If present, the SMIMEEncryptionKeyPreference attribute MUST be a SignedAttribute. CMS defines SignedAttributes as a SET OF Attribute. The SignedAttributes in a signerInfo MUST include a single instance of the SMIMEEncryptionKeyPreference attribute. CMS defines the ASN.1 syntax for Attribute to include attrValues SET OF AttributeValue. An SMIMEEncryptionKeyPreference attribute MUST only include a single instance of AttributeValue. If a signature is detected as violating these requirements, the signature SHOULD be treated as failing. The sending agent SHOULD include the referenced certificate in the set of certificates included in the signed message if this attribute is used. The certificate MAY be omitted if it has been previously made available to the receiving agent. Sending agents SHOULD use this attribute if the commonly used or preferred encryption certificate is not the same as the certificate used to sign the message. Receiving agents SHOULD store the preference data if the signature on the message is valid and the signing time is greater than the currently stored value. (As with the SMIMECapabilities, the clock skew SHOULD be checked and the data not used if the skew is too great.) Receiving agents SHOULD respect the sender's encryption key preference attribute if possible. This, however, represents only a preference, and the receiving agent can use any certificate in replying to the sender that is valid. Section 2.7.1 explains a strategy for caching preference data. 220.127.116.11. Selection of Recipient Key Management Certificate In order to determine the key management certificate to be used when sending a future CMS EnvelopedData message for a particular recipient, the following steps SHOULD be followed: - If an SMIMEEncryptionKeyPreference attribute is found in a SignedData object received from the desired recipient, this identifies the X.509 certificate that SHOULD be used as the X.509 key management certificate for the recipient. - If an SMIMEEncryptionKeyPreference attribute is not found in a SignedData object received from the desired recipient, the set of X.509 certificates SHOULD be searched for an X.509 certificate with the same subject name as the signer of an X.509 certificate that can be used for key management.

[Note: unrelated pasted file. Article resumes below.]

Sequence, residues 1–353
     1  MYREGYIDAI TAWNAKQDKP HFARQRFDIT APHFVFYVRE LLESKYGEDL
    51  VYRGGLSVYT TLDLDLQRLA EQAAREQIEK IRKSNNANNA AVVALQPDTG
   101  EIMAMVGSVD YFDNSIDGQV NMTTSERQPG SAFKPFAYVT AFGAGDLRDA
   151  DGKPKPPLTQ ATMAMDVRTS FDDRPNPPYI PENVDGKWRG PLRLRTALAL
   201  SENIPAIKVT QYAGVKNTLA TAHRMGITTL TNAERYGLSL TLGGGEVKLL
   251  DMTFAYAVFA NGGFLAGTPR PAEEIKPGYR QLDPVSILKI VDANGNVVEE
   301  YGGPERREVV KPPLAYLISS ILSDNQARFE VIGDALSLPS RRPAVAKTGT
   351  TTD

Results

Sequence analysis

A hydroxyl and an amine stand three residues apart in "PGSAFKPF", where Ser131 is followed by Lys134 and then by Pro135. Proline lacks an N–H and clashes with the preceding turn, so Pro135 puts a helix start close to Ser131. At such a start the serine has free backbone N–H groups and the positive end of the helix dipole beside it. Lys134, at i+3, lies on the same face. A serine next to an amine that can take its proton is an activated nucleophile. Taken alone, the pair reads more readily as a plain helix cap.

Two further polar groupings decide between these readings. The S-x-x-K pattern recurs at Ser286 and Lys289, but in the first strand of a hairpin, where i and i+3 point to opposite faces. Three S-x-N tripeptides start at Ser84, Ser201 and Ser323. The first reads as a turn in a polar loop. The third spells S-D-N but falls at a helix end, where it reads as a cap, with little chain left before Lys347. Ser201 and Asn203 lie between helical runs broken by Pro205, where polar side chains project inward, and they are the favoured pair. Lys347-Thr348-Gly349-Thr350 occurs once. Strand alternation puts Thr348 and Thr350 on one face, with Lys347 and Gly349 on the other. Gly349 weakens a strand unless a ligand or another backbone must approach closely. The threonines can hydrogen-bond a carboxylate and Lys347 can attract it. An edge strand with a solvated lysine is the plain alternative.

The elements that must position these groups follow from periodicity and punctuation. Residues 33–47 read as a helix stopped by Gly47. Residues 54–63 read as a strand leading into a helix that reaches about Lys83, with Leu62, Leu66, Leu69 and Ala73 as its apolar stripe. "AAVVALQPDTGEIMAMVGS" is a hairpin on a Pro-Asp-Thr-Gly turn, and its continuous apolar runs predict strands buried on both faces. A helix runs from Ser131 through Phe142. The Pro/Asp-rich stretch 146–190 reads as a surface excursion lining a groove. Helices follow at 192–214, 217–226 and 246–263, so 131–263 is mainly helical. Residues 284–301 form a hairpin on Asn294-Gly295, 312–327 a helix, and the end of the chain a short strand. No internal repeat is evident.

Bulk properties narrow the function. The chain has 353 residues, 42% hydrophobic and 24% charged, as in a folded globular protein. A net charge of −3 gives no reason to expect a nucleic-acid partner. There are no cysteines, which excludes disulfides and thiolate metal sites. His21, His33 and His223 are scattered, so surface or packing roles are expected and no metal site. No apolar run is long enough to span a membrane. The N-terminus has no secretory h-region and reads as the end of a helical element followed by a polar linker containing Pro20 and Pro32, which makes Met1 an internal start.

- Or, use some other method of determining the user's key management key. If an X.509 key management certificate is not found, then encryption cannot be done with the signer of the message. If multiple X.509 key management certificates are found, the S/MIME agent can make an arbitrary choice between them. 2.6. SignerIdentifier SignerInfo Type S/MIME v4.0 implementations MUST support both issuerAndSerialNumber and subjectKeyIdentifier. Messages that use the subjectKeyIdentifier choice cannot be read by S/MIME v2 clients. It is important to understand that some certificates use a value for subjectKeyIdentifier that is not suitable for uniquely identifying a certificate. Implementations MUST be prepared for multiple certificates for potentially different entities to have the same value for subjectKeyIdentifier and MUST be prepared to try each matching certificate during signature verification before indicating an error condition. 2.7. ContentEncryptionAlgorithmIdentifier Sending and receiving agents: - MUST support encryption and decryption with AES-128 GCM and AES-256 GCM [RFC5084]. - MUST- support encryption and decryption with AES-128 CBC [RFC3565]. - SHOULD+ support encryption and decryption with ChaCha20-Poly1305 [RFC7905]. 2.7.1. Deciding Which Encryption Method to Use When a sending agent creates an encrypted message, it has to decide which type of encryption to use. The decision process involves using information garnered from the capabilities lists included in messages received from the recipient, as well as out-of-band information such as private agreements, user preferences, legal restrictions, and so on. Section 2.5.2 defines a method by which a sending agent can optionally announce, among other things, its decrypting capabilities in its order of preference. The following method for processing and remembering the encryption capabilities attribute in incoming signed messages SHOULD be used.